Marketing Degree Requirements: Your 2022 Guide

Written by Coursera • Updated on Dec 23, 2021

There are four academic degrees in marketing you can earn—associate, bachelor’s, master’s, and doctorate—and each has different requirements.

[Featured image] A marketing degree student with a backpack and an orange folder walks through a college campus with a female professor wearing a jacket.

If you’re interested in a career in marketing, a marketing degree can provide a versatile education that incorporates strategy, creativity, analysis, psychology, research, and more.

Marketing itself is a high-growth field, especially in areas like digital marketing and social media marketing. But earning your marketing degree can also prepare you to forge careers in business, sales, advertising, and more.  

There are four academic degrees in marketing you can earn—associate, bachelor’s, master’s, and doctorate—and each has different requirements. In this article, we’ll cover what it takes to get each kind of marketing degree, what you can expect to learn at each level, and what you can do with your degree once you’ve graduated. 

Marketing degree requirements

Marketers connect goods and services with people’s needs, so marketing students typically study subjects that help them better understand and achieve that goal. They need to know about business, management, sales, finance, and data, as well as psychology, market research, and communications. Let’s look at the general subject differences between an undergraduate and graduate degree in marketing. 

Associate degree in marketing

Prepare to study marketing in a bachelor’s degree program or begin a number of entry-level jobs in marketing or related fields by earning a two-year associate degree in marketing. 

Academic requirements: Typically 60 credits (with a portion in your major)

Average annual cost: $3,372 for public two-year institutions and $17,294 for private two-year non-profit institutions [1].

What you’ll learn: Associate degree students are typically required to take several general education courses to fulfill a portion of the degree’s requirements. Expect to take introductory classes in composition, mathematics, and science. You’ll also take classes in your marketing major, which introduce you to the principles of marketing and likely touch on aspects of business, sales, finance or economics, consumer behavior, and advertising. 

What you can do with an associate in marketing: You can continue your education and apply to bachelor’s degree programs, either in marketing or another subject, or you can pursue entry-level roles in marketing or a related field. But it’s worth noting that even though you may qualify for several entry-level jobs without a bachelor’s degree, it may be a necessary credential to obtain more associate- and senior-level roles.  

Jobs you can get with an associate degree in marketing: 

Job titleAnnual US salary*
Marketing assistant$43,817
Social media specialist$47,727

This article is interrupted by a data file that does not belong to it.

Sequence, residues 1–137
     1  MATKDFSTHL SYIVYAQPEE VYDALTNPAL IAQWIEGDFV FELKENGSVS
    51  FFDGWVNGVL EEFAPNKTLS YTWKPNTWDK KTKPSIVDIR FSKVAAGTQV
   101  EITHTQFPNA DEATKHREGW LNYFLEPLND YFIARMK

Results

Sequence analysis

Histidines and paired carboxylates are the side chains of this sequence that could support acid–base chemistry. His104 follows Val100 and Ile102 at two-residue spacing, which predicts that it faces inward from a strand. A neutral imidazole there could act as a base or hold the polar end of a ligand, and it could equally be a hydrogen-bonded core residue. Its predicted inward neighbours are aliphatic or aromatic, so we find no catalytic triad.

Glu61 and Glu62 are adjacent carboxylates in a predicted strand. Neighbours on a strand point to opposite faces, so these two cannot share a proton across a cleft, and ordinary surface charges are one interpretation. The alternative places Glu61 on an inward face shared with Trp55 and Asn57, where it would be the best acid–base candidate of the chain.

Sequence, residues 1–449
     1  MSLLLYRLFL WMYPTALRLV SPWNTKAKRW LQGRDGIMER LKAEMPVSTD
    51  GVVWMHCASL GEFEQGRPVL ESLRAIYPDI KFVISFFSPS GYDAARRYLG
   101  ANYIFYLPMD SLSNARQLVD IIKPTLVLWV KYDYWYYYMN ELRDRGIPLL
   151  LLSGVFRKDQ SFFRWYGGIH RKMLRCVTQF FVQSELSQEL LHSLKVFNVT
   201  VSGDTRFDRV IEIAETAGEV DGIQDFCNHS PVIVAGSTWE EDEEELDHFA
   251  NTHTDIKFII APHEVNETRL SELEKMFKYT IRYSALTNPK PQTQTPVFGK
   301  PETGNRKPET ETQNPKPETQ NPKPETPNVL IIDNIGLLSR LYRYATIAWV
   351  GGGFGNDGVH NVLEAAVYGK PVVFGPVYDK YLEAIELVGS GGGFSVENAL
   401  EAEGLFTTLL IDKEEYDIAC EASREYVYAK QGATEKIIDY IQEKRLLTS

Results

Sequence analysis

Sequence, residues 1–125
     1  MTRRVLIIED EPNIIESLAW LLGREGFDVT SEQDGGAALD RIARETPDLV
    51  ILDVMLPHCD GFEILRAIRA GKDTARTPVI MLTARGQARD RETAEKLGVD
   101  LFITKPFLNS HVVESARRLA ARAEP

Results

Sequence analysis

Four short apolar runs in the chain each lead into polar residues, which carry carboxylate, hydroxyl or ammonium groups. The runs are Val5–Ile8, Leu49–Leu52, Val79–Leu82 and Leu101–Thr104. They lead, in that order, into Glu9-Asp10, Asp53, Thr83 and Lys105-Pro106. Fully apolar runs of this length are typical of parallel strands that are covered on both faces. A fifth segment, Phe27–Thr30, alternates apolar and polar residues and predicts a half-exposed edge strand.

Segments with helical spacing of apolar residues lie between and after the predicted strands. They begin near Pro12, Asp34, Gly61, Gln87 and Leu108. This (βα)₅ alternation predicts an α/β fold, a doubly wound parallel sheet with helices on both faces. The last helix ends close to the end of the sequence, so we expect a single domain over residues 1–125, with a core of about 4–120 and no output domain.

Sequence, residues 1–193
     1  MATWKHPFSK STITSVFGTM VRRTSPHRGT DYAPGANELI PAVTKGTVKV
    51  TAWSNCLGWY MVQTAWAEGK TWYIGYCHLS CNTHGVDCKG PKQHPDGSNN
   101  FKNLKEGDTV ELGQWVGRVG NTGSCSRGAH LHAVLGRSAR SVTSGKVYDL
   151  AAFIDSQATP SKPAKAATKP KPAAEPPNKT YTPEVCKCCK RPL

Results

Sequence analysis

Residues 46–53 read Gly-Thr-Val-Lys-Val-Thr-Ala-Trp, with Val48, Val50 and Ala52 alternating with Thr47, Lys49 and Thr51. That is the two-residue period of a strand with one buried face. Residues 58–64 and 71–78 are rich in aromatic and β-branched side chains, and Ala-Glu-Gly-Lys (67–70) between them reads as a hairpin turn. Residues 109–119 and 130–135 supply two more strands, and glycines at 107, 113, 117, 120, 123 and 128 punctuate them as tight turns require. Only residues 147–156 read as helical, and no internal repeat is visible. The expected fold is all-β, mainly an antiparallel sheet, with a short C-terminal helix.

Event marketing specialist$52,221
Assistant merchandiser$53,595

*All salary data from Glassdoor (December 2021)

Bachelor’s degree in marketing

There are a number of marketing and marketing-related majors you can explore if you’re interested in earning your four-year bachelor’s degree. For example, you can major in business with a concentration in marketing, or you can earn your Bachelor of Arts or Bachelor of Science in Marketing. Learn more about the differences between those two bachelor’s degrees

Academic requirements: 120 credits, with one third to one half going toward your major (depending on your program)  

Average annual cost: $10,740 for in-state tuition at public four-year institutions and $38,070 for private nonprofit four-year institutions for the 2021-2022 school year [2]

What you’ll learn: As with the associate degree, you’ll need to complete your institution’s general education requirements first before you can apply to and begin working on your major. Beyond the foundation in marketing, you receive by taking classes in topics like business, sales, economics or finance, advertising, and communications, you may have the option to take a more nuanced marketing subject. You can expect to devote at least 30 credits to your major, which may give you the option to take classes in global marketing, digital marketing, social media marketing, brand strategy, customer analytics, and more.  

What you can do with a bachelor’s degree in marketing: You can pursue entry-level roles in numerous marketing or marketing-related fields, or you can continue your education and apply to master’s programs in marketing, business, sales, management, or another related subject. 

Jobs you can get with a bachelor’s degree: 

Job titleAnnual US salary*
Public relations assistant$46,569
Assistant media planner$46,980
Junior business analyst$61,674
Digital marketing strategist$66,668

*All salary data from Glassdoor (December 2021)

Master’s degree in marketing

At the graduate level, you’ll spend the entirety of your coursework diving into more advanced marketing courses that deepen your knowledge of key marketing areas. You have several options for studying marketing as a graduate student. You can get your Master of Science in Marketing, Master of Business Administration (MBA) with a concentration in marketing, or Master of Science in Management with a marketing specialization. If you’re interested in marketing but want to broaden your options, many communications and public relations programs also offer master’s students the option to specialize in marketing.

Academic requirements: 30 to 36 credit hours, as well as a capstone, thesis, or research project